By Dr. Mercola
Traditional medical practitioners have known for millennia that plants have the power to prevent, treat or otherwise improve a number of medical conditions. Plants contain bioactive phytochemicals, such as tocopherols, polyphenols and ascorbic acid, which perform important functions in both plants and humans.
Terpenoids (aka isoprenoids) are another beneficial phytochemical — one that many people haven’t heard of before. Out of the seemingly countless compounds in plants, terpenoids represent the largest and most diverse class of beneficial chemicals.1 More than 40,000 individual terpenoids exist, and new ones are discovered every year.2
Plants use terpenoid metabolites to support basic functions like growth, repair and development. However, according to research published in Advances in Biochemical Engineering and Biotechnology, they “use the majority of terpenoids for more specialized chemical interactions and protection.”3
Among humans, terpenoids have long been valued for medicinal purposes in traditional Indian and Chinese medicines, and they’ve also been used for food, pharmaceutical and chemical purposes. The cancer drug Taxol and the antimalarial drug artemisinin are both terpenoid-based drugs,4 but the plant compounds are perhaps most well-known for being the main constituents of the essential oils in many plants.
Because they’re responsible for the wide variety of plant flavors and aromas — from flowery and fruity notes to woody undertones — they’re a sought-after commodity by the flavor and fragrance industries.5 Further, as noted by a study in the journal Recent Patents on Food, Nutrition & Agriculture:6
“Terpenoids represent the oldest known biomolecules, having been recovered from sediments as old as 2.5 billion years. Among plant secondary metabolites, they are the most abundant and diverse class of natural compounds. The diversity of terpenoids is probably a reflection of their many biological activities in nature, which has made them a widely used resource for traditional and modern human exploitation.”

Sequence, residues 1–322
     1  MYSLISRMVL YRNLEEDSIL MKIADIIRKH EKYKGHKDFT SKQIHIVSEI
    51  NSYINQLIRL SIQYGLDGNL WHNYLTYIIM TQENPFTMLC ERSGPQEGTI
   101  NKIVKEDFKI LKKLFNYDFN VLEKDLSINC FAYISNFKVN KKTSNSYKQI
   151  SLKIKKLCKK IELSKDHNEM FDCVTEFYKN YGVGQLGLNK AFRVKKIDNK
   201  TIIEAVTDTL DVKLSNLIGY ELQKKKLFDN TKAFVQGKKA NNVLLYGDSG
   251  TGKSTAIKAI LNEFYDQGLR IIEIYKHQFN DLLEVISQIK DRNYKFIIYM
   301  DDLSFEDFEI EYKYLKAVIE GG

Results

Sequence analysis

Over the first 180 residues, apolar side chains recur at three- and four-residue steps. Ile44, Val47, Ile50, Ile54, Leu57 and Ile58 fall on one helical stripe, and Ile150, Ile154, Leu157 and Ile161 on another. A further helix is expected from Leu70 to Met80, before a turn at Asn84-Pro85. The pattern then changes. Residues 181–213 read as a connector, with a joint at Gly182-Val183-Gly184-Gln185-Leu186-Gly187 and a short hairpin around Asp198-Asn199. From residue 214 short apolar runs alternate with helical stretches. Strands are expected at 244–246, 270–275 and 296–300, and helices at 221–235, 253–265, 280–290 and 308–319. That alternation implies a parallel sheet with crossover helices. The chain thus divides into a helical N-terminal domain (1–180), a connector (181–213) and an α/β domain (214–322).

Eating Terpenoids Daily May Benefit Metabolic Disorders, Including Diabetes
As they pertain to your health, there’s evidence that these powerful plant compounds play a beneficial role in metabolism. According to researchers at Kyoto University in Japan, terpenoids can modulate the activities of ligand-dependent transcription factors, particularly peroxisome proliferator activated receptors (PPARs). PPARs help regulate genes involved in the metabolism of fat and glucose, and PPAR activation has a beneficial effect on blood pressure, cholesterol levels, diabetes, heart disease and stroke.
“Because PPARs are dietary lipid sensors that control energy homeostasis, daily eating of these terpenoids might be useful for the management for obesity-induced metabolic disorders, such as Type 2 diabetes, hyperlipidemia, insulin resistance and cardiovascular diseases,” the researchers wrote, adding:7
“Dietary patterns rich in vegetables and fruit are associated with a lower prevalence of metabolic syndrome. Because most of the terpenoids are of plant origin and they are contained in vegetables and fruit, dietary terpenoids may contribute to a decrease in risk of metabolic syndrome. Moreover, because the terpenoids constitute one of the largest families of natural products, more potent and useful PPAR activators may exist.”
Terpenoids May Be Valuable as Cancer-Fighting Antioxidants and More
Terpenoids are classified into several classes of chemicals including monoterpenes, diterpenes, triterpenes and tetraterpenes, the latter of which contain the more familiar carotenoids, including lutein and lycopene. Many of them are known for their antioxidant properties as well as their potential for fighting cancer. Lycopene, for instance, may play a role in breast and prostate cancer prevention.
A review published in the journal Vitamins and Hormones also noted, “The monoterpenes limonene and perillyl alcohol may be promising substances in cancer therapy,”8 noting that combinations of antioxidants, in particular, may exert synergistic effects.
Terpenoids have also been singled out as having potential to prevent and treat liver cancer. According to a study in the World Journal of Hepatology, “A large number of terpenoids exhibit cytotoxicity against a variety of tumor cells and cancer preventive as well as anticancer efficacy in preclinical animal models.”9
Ten new terpenoids, along with 15 known terpenoids, were even shown to reverse multidrug resistance in a multidrug-resistant tumor cell line.10 And nimbolide — a bioactive terpenoid compound found in neem — may shrink prostate tumors by as much as 70 percent while suppressing metastasis by about 50 percent when taken orally for three months.11 The plant compounds have also shown potential as anti-colon cancer agents, with researchers explaining:12
“Anticancer properties of terpenoids are associated with various mechanisms like counteraction of oxidative stress, potentiating endogenous antioxidants, improving detoxification potential, disrupting cell survival pathways and inducing apoptosis.”